Frank Dodaro’s Story: Visiting Italy During the Korean War


My father-in-law was not a very talkative man, but during Easter of 1995, he, uncharacteristically, told me his story about visiting Italy while he was stationed in Austria during the Korean War.  At the time, I was so thankful that he was giving me this gift that I could pass down to my children someday.  What I didn’t know then, was that it was going to be his last Easter.  In September of 1995, the doctor’s found that he had Pancreatic Cancer.  An operation borrowed some time for him and I am grateful that he was able to see my son born in February of 1996.  But in early April, he passed away.

This is the story he told me:

While in the Army and stationed in Austria, Frank went to visit his relatives in Calabria.  While on a train to Castrovillari he and his buddy had become thirsty.  It was July of 1952 and it was very hot.  They were dressed in American uniforms and when the train stopped they asked people to tell them where they could get something to drink.  The Italian people, seeing that they were Americans, would not help them.  After switching trains and on the last leg of the trip they asked the conductor for water.  At first he wouldn’t help them either, but when he asked who they were going to visit in Castrovillari, Frank told them Francesco Dodaro.  All of a sudden the conductor became very helpful and got them some water.  Francesco Dodaro (Frank’s uncle) held a high position within the railroad and was called “Captain” by the workers.

Francesco brought them to a hotel a few blocks (approximately 5 blocks) from his home because his house was not large enough.  There was a cross & sickle (communist) sign across from the hotel.  They walked everywhere they went unless they took a horse and carriage. One night they went to a pub with Francesco.  They once again were in their uniforms.  The Italians were making comments about the Americans and Francesco told Frank to ignore them. After a while, some Italian soldiers arrived, they had been trained as part of NATO and were friendly toward Americans.  When they saw Frank and his buddy, they sat down at the table with them.  After this, the other Italian’s in the pub became friendly too.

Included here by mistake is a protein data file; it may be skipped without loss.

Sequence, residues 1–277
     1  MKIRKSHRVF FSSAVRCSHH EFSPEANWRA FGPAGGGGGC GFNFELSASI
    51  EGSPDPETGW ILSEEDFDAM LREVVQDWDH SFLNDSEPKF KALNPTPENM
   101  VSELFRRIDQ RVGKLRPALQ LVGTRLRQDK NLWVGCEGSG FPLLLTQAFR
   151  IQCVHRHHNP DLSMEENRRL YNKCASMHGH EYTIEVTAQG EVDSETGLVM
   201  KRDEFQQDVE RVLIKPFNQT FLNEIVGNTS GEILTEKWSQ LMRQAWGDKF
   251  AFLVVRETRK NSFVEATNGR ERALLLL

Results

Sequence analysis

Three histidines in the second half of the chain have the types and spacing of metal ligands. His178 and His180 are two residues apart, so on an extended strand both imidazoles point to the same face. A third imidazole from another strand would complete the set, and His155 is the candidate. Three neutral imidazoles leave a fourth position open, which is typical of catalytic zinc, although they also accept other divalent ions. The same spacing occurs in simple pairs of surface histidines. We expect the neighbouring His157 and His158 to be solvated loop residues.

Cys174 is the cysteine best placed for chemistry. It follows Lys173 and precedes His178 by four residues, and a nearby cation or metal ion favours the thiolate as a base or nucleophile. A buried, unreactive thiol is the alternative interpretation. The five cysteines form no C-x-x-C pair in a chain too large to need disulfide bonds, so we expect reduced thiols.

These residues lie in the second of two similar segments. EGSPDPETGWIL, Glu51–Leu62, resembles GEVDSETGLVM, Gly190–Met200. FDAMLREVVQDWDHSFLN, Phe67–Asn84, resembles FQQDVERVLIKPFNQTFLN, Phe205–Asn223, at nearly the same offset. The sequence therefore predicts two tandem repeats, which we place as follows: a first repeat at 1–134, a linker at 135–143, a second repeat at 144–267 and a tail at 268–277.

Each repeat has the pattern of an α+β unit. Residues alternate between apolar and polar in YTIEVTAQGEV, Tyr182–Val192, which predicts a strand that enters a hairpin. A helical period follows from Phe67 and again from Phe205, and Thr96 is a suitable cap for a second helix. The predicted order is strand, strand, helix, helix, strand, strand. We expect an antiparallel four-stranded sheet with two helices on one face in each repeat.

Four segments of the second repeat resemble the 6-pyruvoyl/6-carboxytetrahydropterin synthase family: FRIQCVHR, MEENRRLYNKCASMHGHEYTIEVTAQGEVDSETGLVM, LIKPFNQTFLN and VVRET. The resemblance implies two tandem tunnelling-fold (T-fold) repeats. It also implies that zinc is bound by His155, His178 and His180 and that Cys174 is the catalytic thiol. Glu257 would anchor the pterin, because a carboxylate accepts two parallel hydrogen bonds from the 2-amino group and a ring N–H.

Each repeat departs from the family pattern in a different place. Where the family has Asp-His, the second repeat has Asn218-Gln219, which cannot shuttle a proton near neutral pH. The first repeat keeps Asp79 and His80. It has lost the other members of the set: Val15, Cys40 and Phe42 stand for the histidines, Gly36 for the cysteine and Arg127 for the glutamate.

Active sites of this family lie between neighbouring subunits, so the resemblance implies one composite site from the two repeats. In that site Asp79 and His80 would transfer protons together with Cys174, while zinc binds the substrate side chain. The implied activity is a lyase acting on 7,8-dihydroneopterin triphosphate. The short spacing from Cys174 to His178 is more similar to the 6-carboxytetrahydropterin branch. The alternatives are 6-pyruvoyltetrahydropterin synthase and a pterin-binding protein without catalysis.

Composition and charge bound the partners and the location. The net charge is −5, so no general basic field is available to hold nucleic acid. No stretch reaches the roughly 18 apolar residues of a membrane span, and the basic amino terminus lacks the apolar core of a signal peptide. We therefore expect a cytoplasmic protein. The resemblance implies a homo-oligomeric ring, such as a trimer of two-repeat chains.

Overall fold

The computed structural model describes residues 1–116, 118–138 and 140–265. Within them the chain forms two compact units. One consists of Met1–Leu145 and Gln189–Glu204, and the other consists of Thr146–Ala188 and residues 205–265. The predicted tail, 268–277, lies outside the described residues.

After a few days Francesco drove Frank and his buddy (Ralph Muse) to Cosenza to visit his sisters, Celestina and Ida.  Francesco, who did not speak to his sisters because of a family feud, dropped Frank off a block away and told him how to get to their house.  The women did not know he was coming, so they were surprised to see their American nephew.  At this time, Celestina was a widow, Ida may have been a spinster.  Celestina had two daughters, Antonina, and Yolanda.  Their home was very poor.  They used pieces of paper as toilet paper. When Frank left he gave them some money to help out.

Later in 1952, Frank returned to Consenza to visit his aunts again.  He felt they needed his help so he went directly to them and did not stop to visit Francesco.  On this second visit, Ida was very ill and confined to bed.  She died shortly after.  During this visit, Frank went on a trip with one of the girl cousins to Bari.  While he was away in Bari, his mother’s sister (his mother was the girl who had a pet wolf) had “come down from the mountains of Parenti” to see him.   Unfortunately, she missed him.  Frank believes it was Luigina, since Angelina had already migrated to Argentina.  Upon leaving Consenza, he again left his aunts some more money.

Meanwhile, Francesco wrote to Frank’s father, Angelo, in America and asked if Frank could come to live with him after the Korean War.   Francesco had only had one son who had died as a young boy.  But Frank chose to return to America to be married.


Cousins Antonina, Yolanda, and Antonina’s young son, Enzo, with Frank in Italy 1952
Frank’s uncle, Francesco Dodaro, and young Fausto who died as a little boy.
Fausto Dodaro died about 1942 at the age of about ten years old   Author of The Tin Box Trilogy and The Porcelain Doll

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